Concrete pipe has an extensive track record of performance. The first recorded concrete pipe sanitary sewer in North America was installed in 1842 in New York. But rigid pipes have been in service worldwide since 4000 BC.
Since 1842, concrete pipe has been a staple of North American construction. Because concrete pipe is such an established product, we can say with confidence that properly designed concrete sewers and culverts will perform for the design life of the project. On the other hand, competing products can only speculate what their longevity might be, due to their short service history.
When compared to other piping materials, concrete has superior impact and fire resistance. Concrete pipe is also not susceptible to long-term creep or UV degradation, problems characteristic of plastic pipes.
In addition to the superior physical properties of the material, concrete pipe is stiffer and has more inherent strength than flexible pipes such as PVC, HDPE and CSP.
Due to their reliance on the surrounding soil to carry the majority of the load, flexible pipes are more prone to stresses and failures, during and after installation, and can be adversely affected by excavations close by.
The graph to the right shows service lives, independently determined by the National Research Council of Canada, for many gravity pipe materials. Concrete pipe has the longest service life. In fact, the Cloaca Maxima (Ancient Rome’s famous sewer system), was created around 600 BC. Parts of this civil engineering wonder are still in use today, over 2600 years later. Not many products can claim to have such a proven track record of durability.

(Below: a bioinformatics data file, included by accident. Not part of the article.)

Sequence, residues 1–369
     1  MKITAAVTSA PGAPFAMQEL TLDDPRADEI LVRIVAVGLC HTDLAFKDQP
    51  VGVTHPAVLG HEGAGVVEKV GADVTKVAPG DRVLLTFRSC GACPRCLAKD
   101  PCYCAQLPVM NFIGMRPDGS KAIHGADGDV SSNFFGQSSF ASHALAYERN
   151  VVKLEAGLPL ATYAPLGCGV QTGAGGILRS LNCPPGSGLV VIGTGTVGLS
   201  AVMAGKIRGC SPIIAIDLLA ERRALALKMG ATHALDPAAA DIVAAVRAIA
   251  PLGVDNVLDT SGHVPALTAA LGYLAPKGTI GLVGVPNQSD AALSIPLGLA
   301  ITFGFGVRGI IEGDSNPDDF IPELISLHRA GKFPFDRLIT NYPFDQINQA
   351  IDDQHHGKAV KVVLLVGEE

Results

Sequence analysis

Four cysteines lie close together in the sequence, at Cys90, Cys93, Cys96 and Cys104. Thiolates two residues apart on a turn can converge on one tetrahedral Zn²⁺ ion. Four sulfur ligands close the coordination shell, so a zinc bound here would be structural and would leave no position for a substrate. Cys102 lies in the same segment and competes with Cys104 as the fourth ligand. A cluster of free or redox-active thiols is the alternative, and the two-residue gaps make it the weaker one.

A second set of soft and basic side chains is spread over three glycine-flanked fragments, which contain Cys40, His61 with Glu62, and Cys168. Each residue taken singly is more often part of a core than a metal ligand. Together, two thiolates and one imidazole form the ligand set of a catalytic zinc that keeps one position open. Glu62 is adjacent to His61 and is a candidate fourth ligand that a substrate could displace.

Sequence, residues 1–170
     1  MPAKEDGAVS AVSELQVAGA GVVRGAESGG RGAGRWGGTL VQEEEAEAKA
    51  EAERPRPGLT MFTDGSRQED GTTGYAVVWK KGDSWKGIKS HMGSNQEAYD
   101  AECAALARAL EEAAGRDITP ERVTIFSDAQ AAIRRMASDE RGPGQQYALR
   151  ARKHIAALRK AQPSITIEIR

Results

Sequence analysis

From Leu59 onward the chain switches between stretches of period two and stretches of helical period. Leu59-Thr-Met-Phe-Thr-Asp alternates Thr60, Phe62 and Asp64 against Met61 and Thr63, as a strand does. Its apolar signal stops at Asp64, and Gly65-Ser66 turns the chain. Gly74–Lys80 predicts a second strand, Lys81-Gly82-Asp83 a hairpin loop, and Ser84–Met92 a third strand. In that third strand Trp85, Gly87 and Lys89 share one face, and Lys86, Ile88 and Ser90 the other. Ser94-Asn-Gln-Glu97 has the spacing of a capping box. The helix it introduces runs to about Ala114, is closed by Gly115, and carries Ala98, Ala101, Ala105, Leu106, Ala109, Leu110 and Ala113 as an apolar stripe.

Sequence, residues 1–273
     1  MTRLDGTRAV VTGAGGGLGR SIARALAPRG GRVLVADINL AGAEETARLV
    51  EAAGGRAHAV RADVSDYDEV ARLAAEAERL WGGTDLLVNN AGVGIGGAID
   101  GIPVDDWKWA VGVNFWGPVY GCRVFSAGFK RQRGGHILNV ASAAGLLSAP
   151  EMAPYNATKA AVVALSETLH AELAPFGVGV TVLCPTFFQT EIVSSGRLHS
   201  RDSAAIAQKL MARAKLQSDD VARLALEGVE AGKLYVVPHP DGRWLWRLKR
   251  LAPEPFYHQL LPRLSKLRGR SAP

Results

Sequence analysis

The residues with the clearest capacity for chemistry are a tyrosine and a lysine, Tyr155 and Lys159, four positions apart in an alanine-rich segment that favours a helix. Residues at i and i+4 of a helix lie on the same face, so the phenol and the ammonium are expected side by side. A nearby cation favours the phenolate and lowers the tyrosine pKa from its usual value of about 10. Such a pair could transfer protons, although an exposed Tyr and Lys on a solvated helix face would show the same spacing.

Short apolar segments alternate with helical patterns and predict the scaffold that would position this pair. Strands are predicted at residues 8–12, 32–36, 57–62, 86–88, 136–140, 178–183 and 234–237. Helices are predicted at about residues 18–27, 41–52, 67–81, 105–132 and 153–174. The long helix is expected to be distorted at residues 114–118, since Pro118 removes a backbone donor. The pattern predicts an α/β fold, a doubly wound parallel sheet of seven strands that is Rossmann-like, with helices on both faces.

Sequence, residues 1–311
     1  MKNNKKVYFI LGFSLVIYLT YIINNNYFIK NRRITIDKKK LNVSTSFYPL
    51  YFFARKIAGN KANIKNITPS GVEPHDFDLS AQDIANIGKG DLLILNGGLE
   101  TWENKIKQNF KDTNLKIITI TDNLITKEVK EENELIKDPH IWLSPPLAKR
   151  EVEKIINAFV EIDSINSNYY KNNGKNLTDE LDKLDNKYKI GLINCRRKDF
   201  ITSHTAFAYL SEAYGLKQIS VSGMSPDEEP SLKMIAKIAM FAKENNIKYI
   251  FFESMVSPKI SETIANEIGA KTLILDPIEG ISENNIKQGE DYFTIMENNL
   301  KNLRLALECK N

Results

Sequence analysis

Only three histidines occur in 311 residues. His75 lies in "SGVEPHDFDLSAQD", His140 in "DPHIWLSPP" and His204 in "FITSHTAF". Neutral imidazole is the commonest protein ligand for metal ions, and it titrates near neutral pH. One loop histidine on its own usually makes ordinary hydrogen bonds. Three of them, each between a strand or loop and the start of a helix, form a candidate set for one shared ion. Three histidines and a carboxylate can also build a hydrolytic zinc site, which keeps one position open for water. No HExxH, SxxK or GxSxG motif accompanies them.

Unlike other piping materials, concrete pipe has high inherent strength and actually gains strength over time. This is in stark contrast to flexible pipe materials such as PVC, HDPE, and corrugated steel, which have little inherent strength and rely instead on surrounding compacted soils. The video below shows just why concrete pipe is the preferred option when strength is a consideration, as is almost always the case in construction.
How Strong is Concrete Pipe?
Concrete pipe derives most of its strength from the pipe material itself, not the surrounding soil. This means that the structural performance of the pipe is the concrete pipe supplier’s responsibility. Consequently, risk to the designer and installer
is minimized. Flexible pipe has little inherent structural strength. In fact, the majority of strength in flexible pipe is built on-site in the soil envelope. As incorrectly installed flexible pipe is prone to failure, the structural performance
of the installed flexible pipe (and the risk that goes with it) is taken on almost exclusively by the designer and installer.
The educational journal Structural Deformation Characteristics of Installed HDPE Circular Pipelines shows
how flexible pipe tends to fail at an alarming rate. In fact, the study shows that 63% of the 98 pipelines tested had deformation in excess of the specified limit. In addition ovality, crown flattening, buckling, and inverse curvature (snap through)
failures were observed. Specifying and installing concrete pipe is an excellent way to avoid unnecessary risk and dependence on the quality of installation.
Flotation of Concrete Pipe: